In today’s media landscape, where unfounded opinions, hype, and rumors are rife, the scientific method – the means by which we determine, based on empirical and measurable evidence, what is true – should serve as a touchstone of reality.
Science encompasses a vast body of knowledge—the boring stuff we memorize in tenth-grade chemistry class, for example–but more important, it defines the methods by which this body of information continuously grows and is refined and organized.
As electronic highway signs implore Californians to “Save Water” and municipalities impose increasingly draconian conservation measures, we are seeing a phenomenon known as “drought-shaming”–the humiliation of water-wasters among both the rich and famous and more ordinary residents.
On the heels of a Johns Hopkins University School of Public Health news release about how the messaging on organic food can confuse consumers, Consumer Reports has provided a sterling example: exaggerating the risks of pesticides in conventional produce and recommending an exclusively organic diet. But for consumers who cannot afford to purchase overpriced organic food exclusively, CR released a handy shopping guide with information about when buying organic is only optional and when it “is a must.”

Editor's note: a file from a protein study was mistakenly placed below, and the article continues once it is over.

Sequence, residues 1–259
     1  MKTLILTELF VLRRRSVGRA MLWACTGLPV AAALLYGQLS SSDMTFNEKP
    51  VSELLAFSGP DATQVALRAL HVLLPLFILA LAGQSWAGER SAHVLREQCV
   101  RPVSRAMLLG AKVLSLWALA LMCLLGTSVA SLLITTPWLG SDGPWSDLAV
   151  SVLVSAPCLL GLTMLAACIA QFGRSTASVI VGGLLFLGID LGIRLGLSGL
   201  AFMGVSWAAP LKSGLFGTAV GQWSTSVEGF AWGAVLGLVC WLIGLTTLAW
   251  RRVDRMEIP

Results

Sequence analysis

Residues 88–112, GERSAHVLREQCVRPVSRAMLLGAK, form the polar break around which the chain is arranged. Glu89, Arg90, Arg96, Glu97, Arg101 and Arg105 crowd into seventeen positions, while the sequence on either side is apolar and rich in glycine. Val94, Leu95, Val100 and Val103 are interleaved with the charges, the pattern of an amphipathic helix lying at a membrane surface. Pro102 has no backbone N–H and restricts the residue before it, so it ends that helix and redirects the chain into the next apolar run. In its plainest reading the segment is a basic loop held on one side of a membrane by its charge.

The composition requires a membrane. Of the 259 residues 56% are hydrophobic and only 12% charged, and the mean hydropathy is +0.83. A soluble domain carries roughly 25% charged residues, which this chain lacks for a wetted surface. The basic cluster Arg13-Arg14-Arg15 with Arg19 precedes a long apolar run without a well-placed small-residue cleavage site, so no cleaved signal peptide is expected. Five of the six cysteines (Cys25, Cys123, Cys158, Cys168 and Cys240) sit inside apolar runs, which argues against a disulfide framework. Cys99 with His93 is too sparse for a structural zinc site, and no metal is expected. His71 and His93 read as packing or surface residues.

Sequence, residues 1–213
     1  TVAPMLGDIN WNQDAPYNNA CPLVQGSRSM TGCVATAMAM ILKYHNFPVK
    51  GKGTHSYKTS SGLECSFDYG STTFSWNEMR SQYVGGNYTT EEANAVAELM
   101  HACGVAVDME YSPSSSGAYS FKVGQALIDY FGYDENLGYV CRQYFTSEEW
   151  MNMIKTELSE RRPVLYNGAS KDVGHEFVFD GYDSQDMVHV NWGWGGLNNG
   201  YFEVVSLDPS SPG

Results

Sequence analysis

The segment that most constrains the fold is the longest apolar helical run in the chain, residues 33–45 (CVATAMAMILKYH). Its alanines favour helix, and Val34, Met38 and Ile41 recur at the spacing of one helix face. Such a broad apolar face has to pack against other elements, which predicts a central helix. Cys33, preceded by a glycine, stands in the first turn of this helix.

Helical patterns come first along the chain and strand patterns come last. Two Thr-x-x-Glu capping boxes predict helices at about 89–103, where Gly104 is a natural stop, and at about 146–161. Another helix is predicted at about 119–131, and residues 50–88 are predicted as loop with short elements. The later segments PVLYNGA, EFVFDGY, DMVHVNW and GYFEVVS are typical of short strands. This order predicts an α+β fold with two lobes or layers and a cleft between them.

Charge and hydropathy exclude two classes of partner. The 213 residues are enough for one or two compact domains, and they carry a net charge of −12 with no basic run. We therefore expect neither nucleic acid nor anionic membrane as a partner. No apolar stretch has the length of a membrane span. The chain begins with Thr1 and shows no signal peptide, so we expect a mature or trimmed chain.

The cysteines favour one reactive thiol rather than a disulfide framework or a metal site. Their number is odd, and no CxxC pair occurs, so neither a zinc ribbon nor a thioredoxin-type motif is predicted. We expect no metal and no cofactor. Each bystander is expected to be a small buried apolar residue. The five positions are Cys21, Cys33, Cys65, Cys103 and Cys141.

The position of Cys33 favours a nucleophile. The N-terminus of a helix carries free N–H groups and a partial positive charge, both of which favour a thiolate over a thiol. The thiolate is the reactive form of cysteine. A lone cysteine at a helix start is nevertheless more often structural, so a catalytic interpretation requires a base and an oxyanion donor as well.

The fear of pesticides that began a half century ago has degenerated into full-blown chemophobia today. Although “Every Day Is Earth Day” is etched into the American psyche as a benevolent mantra, it is useful to examine some of the motivations, actions and outcomes found under the banner of environmentalism.
Surgeon–turned–television doctor Mehmet Oz opened his show on March 10 with a “Dr. Oz Investigation” on the newly U.S. Department of Agriculture–approved “Arctic” apple, which doesn’t undergo the unappetizing browning that other apples do when it’s bitten, bumped, or cut.
Radical environmental activists, aka the Green Blob, are more of a threat to the planet and its inhabitants than the technologies they oppose, according to Owen Paterson, the former U.K. environment minister.